Tropical forests may be absorbing more carbon dioxide than previously believed in reaction to the increasing atmospheric level of the heat-trapping greenhouse gas, research led by NASA scientists shows.
The study, which was published in the Proceedings of the National Academy of Sciences on Dec. 29, reveals that while some of the carbon dioxide is absorbed by forests in Siberia, Canada and other ice-covered northern regions known as boreal forests, 1.4 billion metric tons of carbon dioxide are estimated to be absorbed by tropical forests per year, a significant chunk in the total global carbon dioxide absorption of 2.5 billion metric tons.
"This is good news because uptake in boreal forests is already slowing, while tropical forests may continue to take up carbon for many years," said study lead author David Schimel from NASA's Jet Propulsion Laboratory.
For 25 years, climate scientists believed that the northern forests take in more carbon dioxide than the tropical forests, based on understandings of global air flow and the notion that massive deforestation in the tropics was causing tropical forests to emit more carbon than they were storing.
New studies, however, show that current climate models underestimate the carbon absorption of tropical forests.
The Earth's wooded areas play a crucial part in slowing the impact of the increased human emission of carbon dioxide, which is attributed as the primary contributor of climate change. Forests and other land vegetation take care of about 30 percent of human carbon emissions through photosynthesis, during which plants store some of the greenhouse gas in their wood and leaves then transfer some of these to the soil through the roots.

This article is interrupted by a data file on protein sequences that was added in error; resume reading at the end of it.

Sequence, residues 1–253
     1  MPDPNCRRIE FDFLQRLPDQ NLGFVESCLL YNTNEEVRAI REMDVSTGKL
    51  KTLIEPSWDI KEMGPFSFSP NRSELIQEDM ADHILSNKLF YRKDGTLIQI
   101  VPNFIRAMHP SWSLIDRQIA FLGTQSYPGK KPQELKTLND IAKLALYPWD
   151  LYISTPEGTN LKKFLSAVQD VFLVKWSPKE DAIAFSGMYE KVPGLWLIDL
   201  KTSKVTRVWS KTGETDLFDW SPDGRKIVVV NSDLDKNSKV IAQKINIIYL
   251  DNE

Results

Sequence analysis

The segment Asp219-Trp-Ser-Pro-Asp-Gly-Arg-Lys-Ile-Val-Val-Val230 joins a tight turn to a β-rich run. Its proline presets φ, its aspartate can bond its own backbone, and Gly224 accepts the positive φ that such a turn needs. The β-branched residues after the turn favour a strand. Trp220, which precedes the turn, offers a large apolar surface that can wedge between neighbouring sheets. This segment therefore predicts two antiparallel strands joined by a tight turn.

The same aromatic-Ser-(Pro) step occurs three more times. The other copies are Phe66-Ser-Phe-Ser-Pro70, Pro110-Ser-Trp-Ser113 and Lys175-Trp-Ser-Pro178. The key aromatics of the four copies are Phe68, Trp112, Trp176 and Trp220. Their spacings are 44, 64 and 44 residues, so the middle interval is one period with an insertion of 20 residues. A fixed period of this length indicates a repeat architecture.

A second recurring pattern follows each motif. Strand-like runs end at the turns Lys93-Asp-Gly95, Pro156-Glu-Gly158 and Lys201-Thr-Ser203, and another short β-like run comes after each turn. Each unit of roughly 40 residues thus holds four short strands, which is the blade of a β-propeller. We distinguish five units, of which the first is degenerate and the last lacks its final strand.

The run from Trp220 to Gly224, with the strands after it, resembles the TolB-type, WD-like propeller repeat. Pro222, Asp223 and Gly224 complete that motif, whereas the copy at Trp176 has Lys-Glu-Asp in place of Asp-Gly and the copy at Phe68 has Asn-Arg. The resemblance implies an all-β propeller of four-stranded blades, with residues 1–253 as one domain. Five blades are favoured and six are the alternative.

There are, however, concerns that should the rate of absorption slow down, the process could exacerbate and speed up global warming, making the Earth more inhospitable and causing unwanted and potentially deadly consequences such as extreme weather events, drought and the displacement of human and animal populations.
Study researcher Britton Stephens from the National Center for Atmospheric Research said that knowing which type of forest absorbs more carbon does not only serve accounting purposes. It also has implications that could shed light on whether terrestrial ecosystems worldwide would continue to offset the carbon dioxide in the atmosphere or worsen climate change.
It appears that, as more carbon dioxide is released into the atmosphere due to human activities, forests worldwide respond by using these to grow faster, reducing the amount of carbon that remains airborne, an effect known as carbon fertilization.
"All else being equal, the effect is stronger at higher temperatures, meaning it will be higher in the tropics than in the boreal forests," Schimel said.